Justice Department Eyes More Power for Immigration Judges

WASHINGTON (CN) – The Justice Department is reportedly looking at making changes to the authority of appellate immigration judges that would give them power to issue decisions binding on the entire immigration system.

In this May 14, 2013, file photo, the Department of Justice headquarters building in Washington is shown early in the morning. (AP Photo/J. David Ake, File)

According to a report Friday by the San Francisco Chronicle, the Trump administration plans to revive a George W. Bush-era rule that would allow small panels of judges on the Board of Immigration Appeals to issue decisions that set precedent for the entire immigration court system. It would also let judges on the appeals board uphold the decisions of judges below without explanation.

The Chronicle reports the proposal is currently being reviewed by the White House and has yet to be made final. 

Neither the Justice Department nor the Executive Office of Immigration Review immediately responded to a request for comment Friday afternoon.

Unlike other types of judges, immigration judges operate under the Department of Justice, with the attorney general making hires and overseeing their work. The Board of Immigration Appeals is the appellate body of the immigration court system and is made up of 21 people who handle appeals from the more than 400 mainline immigration judges.

Six of the 21 members of the panel are currently serving temporarily.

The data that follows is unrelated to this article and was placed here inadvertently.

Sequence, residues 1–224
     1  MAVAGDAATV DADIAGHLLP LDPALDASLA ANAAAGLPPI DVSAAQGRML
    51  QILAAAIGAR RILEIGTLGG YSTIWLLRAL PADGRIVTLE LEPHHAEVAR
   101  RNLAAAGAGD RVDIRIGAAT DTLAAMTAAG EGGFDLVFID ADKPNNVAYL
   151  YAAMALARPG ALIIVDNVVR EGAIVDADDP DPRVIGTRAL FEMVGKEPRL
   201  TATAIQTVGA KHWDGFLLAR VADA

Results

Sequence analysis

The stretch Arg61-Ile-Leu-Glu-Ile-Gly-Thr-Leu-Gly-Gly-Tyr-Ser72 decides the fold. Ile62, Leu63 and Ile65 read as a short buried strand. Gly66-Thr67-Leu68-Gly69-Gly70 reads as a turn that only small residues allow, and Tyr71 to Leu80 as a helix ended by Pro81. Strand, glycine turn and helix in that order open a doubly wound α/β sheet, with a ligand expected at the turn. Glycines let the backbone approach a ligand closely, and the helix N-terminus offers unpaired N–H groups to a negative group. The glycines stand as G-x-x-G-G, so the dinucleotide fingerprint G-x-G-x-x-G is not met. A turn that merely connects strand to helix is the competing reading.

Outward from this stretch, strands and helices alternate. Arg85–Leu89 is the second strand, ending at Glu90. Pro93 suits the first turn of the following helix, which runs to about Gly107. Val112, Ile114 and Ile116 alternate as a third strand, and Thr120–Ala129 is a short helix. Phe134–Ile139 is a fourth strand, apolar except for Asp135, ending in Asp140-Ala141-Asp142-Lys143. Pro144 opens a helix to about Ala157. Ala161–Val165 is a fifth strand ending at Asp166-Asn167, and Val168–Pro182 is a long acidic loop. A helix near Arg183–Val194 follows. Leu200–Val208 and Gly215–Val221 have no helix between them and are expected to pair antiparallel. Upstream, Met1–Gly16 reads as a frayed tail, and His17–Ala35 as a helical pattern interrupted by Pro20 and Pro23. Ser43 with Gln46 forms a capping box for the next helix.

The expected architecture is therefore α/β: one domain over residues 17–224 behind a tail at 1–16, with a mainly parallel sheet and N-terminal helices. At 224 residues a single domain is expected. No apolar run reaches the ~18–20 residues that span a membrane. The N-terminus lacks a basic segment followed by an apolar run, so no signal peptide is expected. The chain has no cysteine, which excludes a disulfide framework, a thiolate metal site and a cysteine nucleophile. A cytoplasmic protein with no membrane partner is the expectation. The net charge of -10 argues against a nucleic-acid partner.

The backlog in the immigration courts system is notorious and the subject of much complaint from the Trump administration and Republicans in Congress. As of the end of last year, there were more than 820,000 pending cases in the system, according to the Executive Office of Immigration Review, and the number has been on a steady rise for the past decade.

Jeremy McKinney, an immigration attorney in North Carolina, said the proposal allowing the appeals board to uphold decisions without explanation could actually hamper the administration’s goal of speeding up the processing of immigration cases.

He said when the rule was first in place, it led to more reversals in federal appellate courts, which hear appeals of Board of Immigration Appeals decisions.

“It resulted in the obvious, which was less thought-out opinions and more reversals at the circuit court,” McKinney said in an interview.

McKinney, a member of the American Immigration Lawyers Association, said the administration would be better off removing immigration judges out from under the Justice Department. That proposal has become a popular call among immigration advocates and attorneys.

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